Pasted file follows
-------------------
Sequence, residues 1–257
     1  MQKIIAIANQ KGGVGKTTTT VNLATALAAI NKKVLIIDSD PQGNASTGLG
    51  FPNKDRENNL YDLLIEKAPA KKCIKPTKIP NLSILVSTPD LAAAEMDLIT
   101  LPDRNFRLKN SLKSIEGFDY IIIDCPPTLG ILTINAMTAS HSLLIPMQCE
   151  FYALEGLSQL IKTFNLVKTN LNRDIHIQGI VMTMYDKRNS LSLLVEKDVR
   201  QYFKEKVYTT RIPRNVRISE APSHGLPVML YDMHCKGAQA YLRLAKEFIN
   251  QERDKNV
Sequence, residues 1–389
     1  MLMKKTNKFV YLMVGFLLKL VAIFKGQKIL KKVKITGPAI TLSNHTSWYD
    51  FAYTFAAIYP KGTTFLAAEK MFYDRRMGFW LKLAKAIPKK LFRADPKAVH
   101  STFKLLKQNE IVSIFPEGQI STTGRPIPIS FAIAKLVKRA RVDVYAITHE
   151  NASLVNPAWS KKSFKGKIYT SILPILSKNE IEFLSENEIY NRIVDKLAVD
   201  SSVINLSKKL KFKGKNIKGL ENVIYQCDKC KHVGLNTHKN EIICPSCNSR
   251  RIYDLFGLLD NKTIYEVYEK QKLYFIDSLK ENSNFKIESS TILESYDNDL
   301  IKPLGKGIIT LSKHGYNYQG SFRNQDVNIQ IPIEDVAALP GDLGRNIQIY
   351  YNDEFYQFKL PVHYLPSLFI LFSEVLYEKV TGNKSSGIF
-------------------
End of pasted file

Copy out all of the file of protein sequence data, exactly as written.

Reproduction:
Sequence, residues 1–257
     1  MQKIIAIANQ KGGVGKTTTT VNLATALAAI NKKVLIIDSD PQGNASTGLG
    51  FPNKDRENNL YDLLIEKAPA KKCIKPTKIP NLSILVSTPD LAAAEMDLIT
   101  LPDRNFRLKN SLKSIEGFDY IIIDCPPTLG ILTINAMTAS HSLLIPMQCE
   151  FYALEGLSQL IKTFNLVKTN LNRDIHIQGI VMTMYDKRNS LSLLVEKDVR
   201  QYFKEKVYTT RIPRNVRISE APSHGLPVML YDMHCKGAQA YLRLAKEFIN
   251  QERDKNV
Sequence, residues 1–389
     1  MLMKKTNKFV YLMVGFLLKL VAIFKGQKIL KKVKITGPAI TLSNHTSWYD
    51  FAYTFAAIYP KGTTFLAAEK MFYDRRMGFW LKLAKAIPKK LFRADPKAVH
   101  STFKLLKQNE IVSIFPEGQI STTGRPIPIS FAIAKLVKRA RVDVYAITHE
   151  NASLVNPAWS KKSFKGKIYT SILPILSKNE IEFLSENEIY NRIVDKLAVD
   201  SSVINLSKKL KFKGKNIKGL ENVIYQCDKC KHVGLNTHKN EIICPSCNSR
   251  RIYDLFGLLD NKTIYEVYEK QKLYFIDSLK ENSNFKIESS TILESYDNDL
   301  IKPLGKGIIT LSKHGYNYQG SFRNQDVNIQ IPIEDVAALP GDLGRNIQIY
   351  YNDEFYQFKL PVHYLPSLFI LFSEVLYEKV TGNKSSGIF